219.    What are options? A call option and put option?
i.    A type of derivative that gives the bearer the option to buy or sell a security at a given date, without the option to do so. The buyer of the option pays an amount less of the actual value of the stock and has the option to buy or sell the stock for a set price on or before a set date.
ii.    A call option gives the holder the right to purchase an asset for a specified exercise price on or before a specified expiration date. A put option gives the holder the right to sell an asset for a specified exercise price on or before a specified expiration date.
220.    What is hedging?
i.    A financial strategy designed to reduce risk by balancing a position in the market. For example, an investor that owns a stock could hedge the risk of the stock going down by buying put options on that security or other related businesses in the industry.
221.    What are the main difference between futures and forward contracts?
i.    Forward contracts are a type of derivative that arranges for the future delivery of an asset on a specific date at a specific price, thus it is in an agreement that calls for future delivery and no money is changed initially in order to protect each party from future price fluctuations. They are traded over the counter, and are more flexible because they are privately negotiated and can represent any assets and can change settlement dates should both parties agree.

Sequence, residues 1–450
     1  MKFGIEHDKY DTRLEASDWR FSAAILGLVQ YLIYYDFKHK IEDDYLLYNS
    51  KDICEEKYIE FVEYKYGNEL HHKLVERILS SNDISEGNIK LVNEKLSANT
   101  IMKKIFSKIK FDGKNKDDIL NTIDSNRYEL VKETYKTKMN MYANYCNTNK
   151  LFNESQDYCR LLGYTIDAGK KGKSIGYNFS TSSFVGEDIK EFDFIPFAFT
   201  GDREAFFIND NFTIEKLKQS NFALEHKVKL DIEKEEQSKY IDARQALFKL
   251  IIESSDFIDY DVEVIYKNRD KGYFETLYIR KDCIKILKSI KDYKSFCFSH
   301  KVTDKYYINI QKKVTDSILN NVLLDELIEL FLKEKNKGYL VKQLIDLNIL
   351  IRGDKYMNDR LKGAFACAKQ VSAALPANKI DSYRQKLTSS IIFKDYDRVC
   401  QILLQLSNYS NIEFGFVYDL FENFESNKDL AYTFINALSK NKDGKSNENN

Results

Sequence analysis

ii.    Futures contracts are a financial contract obligating the buyer to purchase an asset like a commodity or another financial instrument at a specified price on a specified date. They are strictly defined in their terms and highly standardized, which allows them to be publicly traded on exchanges.
222.    What factors influence the price of an option?
i.    Current stock price, exercise price, stock volatility, time to expiration, interest rate, and the dividend rate of the stock.
ii.    For example: when the current stock price or interest rate increase, the call option price increases and the put option price decreases. When the exercise price or dividend payout increases, call option price decreases and put option price increases. When volatility or time to expiration increase, call option and put option price increase.
223.    If an option is “in the money” what does that mean?
i.    In the money when exercising the option means that at this point in time, if an investor decides to exercise their option, they will make money based on the difference between the exercise price and market price. A call option is in the money when its exercise price is below the market price, so an investor can purchase the asset at the exercise price and instantly sell it at the market price. A put option is in the money when its exercise price is above the market price since an investor can buy the asset at the market price and instantly sell it at the exercise price.
224.    What are swaps? Explain how a swap works.